Repugican candidates duck and cover on Libya

It's the 2012 repugican field's first real moment in the foreign policy spotlight - the dilemma over how to respond to the apparent success of President Barack Obama's intervention in Libya.

The president's decision to let NATO take the lead in Libya appears vindicated — at least for now.

Repugican Math

And you wonder why there is a financial crisis?

Recession not the worst case?

Experts foresee a period of slow growth that could do serious damage to the economy.

Wall Street's secret bailout

The Fed lent banks $1.2 trillion during the housing crisis, far more than the public program.  

What's Your Favorite Number?

British author Alex Bellos is known for his book 'Alex's Adventures in Numberland,' which is published in the US with the title 'Here's Looking At Euclid.'
Alex wants to know your favorite number and why. His survey is part of a project he is researching concerning how humans relate to numbers.

Seven is still the global favorite, dominating every class, nationality, gender, religion and age category. Seven is being chased by a small pack of prime numbers, especially 11 and 13.

Kate Winslet helps save woman from fire

Oscar-winning actress Kate Winslet helps carry a 90-year-old woman from a burning house. 

NYC Cabbie also Works as a King in Africa

Isaac Osei started out driving a taxi in New York City when he immigrated to the US about thirty years ago. He has built up that business into a fleet of fifty cars operating day and night. But that’s not his only occupation. When his older brother in Ghana died, Osei took his place as king over a region of Ghana. Now Osei divides his time between US and his royal realm:
As chief, his days are 20 hours long, and his duties are anything but ceremonial. Osei, during his “vacation,” becomes the one-man judicial system, arbitrating familial disputes and other legal questions, resolving as many as possible before returning to New York. Meanwhile, Elizabeth has duties as the chief’s wife, including throwing a feast for 1,000 guests commemorating the annual yam festival — a party at which guests sit, waiting to eat until Isaac does his priest-like duty of blessing the yam harvest.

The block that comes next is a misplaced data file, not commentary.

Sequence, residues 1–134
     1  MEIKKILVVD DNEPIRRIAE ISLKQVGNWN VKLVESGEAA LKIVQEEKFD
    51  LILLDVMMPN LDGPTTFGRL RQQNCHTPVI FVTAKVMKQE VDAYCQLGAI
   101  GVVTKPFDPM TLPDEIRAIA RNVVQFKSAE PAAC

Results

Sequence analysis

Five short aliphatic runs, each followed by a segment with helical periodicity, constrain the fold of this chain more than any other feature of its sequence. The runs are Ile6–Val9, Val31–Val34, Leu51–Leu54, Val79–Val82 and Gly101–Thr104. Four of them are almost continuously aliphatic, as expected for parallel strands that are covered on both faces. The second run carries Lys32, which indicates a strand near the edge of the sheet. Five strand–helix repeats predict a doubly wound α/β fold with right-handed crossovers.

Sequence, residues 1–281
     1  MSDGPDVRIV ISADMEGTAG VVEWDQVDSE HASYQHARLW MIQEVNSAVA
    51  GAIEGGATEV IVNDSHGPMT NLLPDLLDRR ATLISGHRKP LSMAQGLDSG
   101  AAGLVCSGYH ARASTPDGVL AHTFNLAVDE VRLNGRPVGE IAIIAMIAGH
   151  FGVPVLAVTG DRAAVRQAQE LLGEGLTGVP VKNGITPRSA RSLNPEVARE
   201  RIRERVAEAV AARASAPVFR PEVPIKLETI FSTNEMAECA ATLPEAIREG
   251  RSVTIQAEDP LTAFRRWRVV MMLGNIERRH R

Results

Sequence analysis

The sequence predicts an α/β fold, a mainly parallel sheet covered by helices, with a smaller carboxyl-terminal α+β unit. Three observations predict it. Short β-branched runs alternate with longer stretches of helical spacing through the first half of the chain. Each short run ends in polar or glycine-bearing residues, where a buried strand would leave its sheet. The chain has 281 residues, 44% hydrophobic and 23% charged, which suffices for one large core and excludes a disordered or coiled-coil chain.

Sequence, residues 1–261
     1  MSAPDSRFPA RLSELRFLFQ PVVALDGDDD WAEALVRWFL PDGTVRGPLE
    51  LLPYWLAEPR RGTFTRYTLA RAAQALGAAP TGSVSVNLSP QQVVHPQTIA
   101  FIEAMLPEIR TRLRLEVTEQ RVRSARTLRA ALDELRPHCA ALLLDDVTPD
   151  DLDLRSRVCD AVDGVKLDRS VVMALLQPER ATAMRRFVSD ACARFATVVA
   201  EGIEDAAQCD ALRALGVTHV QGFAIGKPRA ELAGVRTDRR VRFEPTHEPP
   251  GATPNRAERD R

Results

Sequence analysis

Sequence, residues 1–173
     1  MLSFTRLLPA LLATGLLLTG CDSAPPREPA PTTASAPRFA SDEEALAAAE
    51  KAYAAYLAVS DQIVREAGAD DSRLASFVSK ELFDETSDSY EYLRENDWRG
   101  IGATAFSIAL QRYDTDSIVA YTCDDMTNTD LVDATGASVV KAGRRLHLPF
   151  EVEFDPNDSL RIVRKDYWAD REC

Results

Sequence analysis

But unlike Akeem in Coming to America, the Osei’s trips to Ghana are not permanent relocations. They return to the U.S. after fulfilling their official Ghanian duties, where it is back to the taxi business.

Ex-IMF chief case falls apart

Prosecutors file papers to dismiss sexual assault charges against the ex-IMF chief.  

Utah researcher helps artist make bulletproof skin

A bio-art project to create bulletproof skin has given a Utah State researcher even more hope his genetically engineered spider silk can be used to help surgeons heal large wounds and create artificial tendons and ligaments.

Stylish Mummies Use Hair Gel

Love your hair gel? How very ancient Egyptian of you! That's right: researchers have discovered that ancient Egyptians use hair products in life and in death.
Microscopy using light and electrons revealed that nine of the mummies had hair coated in a mysterious fat-like substance. The researchers used gas chromatography–mass spectrometry to separate out the different molecules in the samples, and found that the coating contained biological long-chain fatty acids including palmitic acid and stearic acid. The results are published in the Journal of Archaeological Science1.
McCreesh thinks that the fatty coating is a styling product that was used to set hair in place. It was found on both natural and artificial mummies, so she believes that it was a beauty product during life as well as a key part of the mummification process.

Invasive 'burning bush' getting genetic makeover

The burning bush shrub, whose blazing autumn hues illuminate many eastern U.S. landscapes, may soon be getting a makeover to curb its voracious appetite for other plants' land, sunlight and soil nutrients.

Awesome Pictures


The biggest art heist ever

The brazen lifting of the "Mona Lisa" 100 years ago was petty theft compared to this unsolved crime. 

Sunken treasure sparks fight

A trove of emeralds worth up to $500 million leads to accusations of double-dealing and deceit.

Roman wreck full of wine jars found

A US-Albanian archaeological mission says it has found the well-preserved wreck of a Roman cargo ship complete with some 300 - empty, alas - wine jars off Albania's coast.

Newly discovered Icelandic current could change North Atlantic climate picture

An international team of researchers, including physical oceanographers from the Woods Hole Oceanographic Institution , has confirmed the presence of a deep-reaching ocean circulation system off Iceland that could significantly influence the ocean's response to climate change in previously unforeseen ways.